I hear this in my head. I hear, I’m too young. I want to say, how can you be too young, but I don’t say anything at all in response. I think, well, maybe I am. I look for evidence of it. Who got published at 22? Who had a relationship at 22 that lasted past 23? Who had a relationship at 22 that lasted past 23 that was healthy and beautiful and went on and on and on? Who did anything meaningful at all at 22, except die, maybe. There were a lot of 22-year-olds, a lot of 20-year-olds even, who died in wars.
We live in such a perverse world. I mean this in the most literal sense possible. Opposition, contradiction. We value youth, we say. We want our Hollywood stars fresh-faced, wrinkle-free. But real youth–the youth measured not by lines on a forehead but by years, by how much we’ve done, by how much we haven’t done–we disregard. We call it cute, we call it charming. We want our fashion models that way because we don’t want our fashion models to be anything we respect. Then we draw a line.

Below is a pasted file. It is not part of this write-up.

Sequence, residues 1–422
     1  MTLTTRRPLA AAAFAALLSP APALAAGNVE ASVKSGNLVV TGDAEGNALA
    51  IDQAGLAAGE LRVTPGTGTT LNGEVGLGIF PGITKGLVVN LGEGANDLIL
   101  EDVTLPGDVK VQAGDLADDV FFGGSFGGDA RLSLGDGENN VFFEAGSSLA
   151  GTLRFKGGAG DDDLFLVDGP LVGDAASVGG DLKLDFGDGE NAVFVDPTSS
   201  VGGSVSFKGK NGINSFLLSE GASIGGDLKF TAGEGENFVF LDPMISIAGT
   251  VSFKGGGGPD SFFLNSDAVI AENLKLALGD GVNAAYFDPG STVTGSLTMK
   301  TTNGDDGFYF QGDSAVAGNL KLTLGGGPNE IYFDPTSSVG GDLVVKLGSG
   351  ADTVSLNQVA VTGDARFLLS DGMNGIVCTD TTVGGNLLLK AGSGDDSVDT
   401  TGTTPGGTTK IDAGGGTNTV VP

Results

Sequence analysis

All we’ve done is extend adolescence. When I was a teenager I used to think that the ideal age to be was somewhere in one’s 20s. I used to think that that’s what everyone craved. Teenagers wanted to be older, everyone else wanted to be younger. And now I find I’ve reached what I thought was the golden era, the time-of-all-times, only to learn that I’m still in the teenage-hood of society. Nobody thinks a 20-something can do anything worthwhile, because we’re, as they say, still learning.
This has turned into more of a diatribe than I meant it to be. All I meant it to be was a thought: that here I am, paying my own rent, expected to make a fool of myself. I know what I write now will, in ten year’s time, be irrelevant; I know my tone will change, my voice, my point of view. But still, I’d like to think that if I’m old enough to support myself, I’m old enough to be trusted with my own heart, my own soul.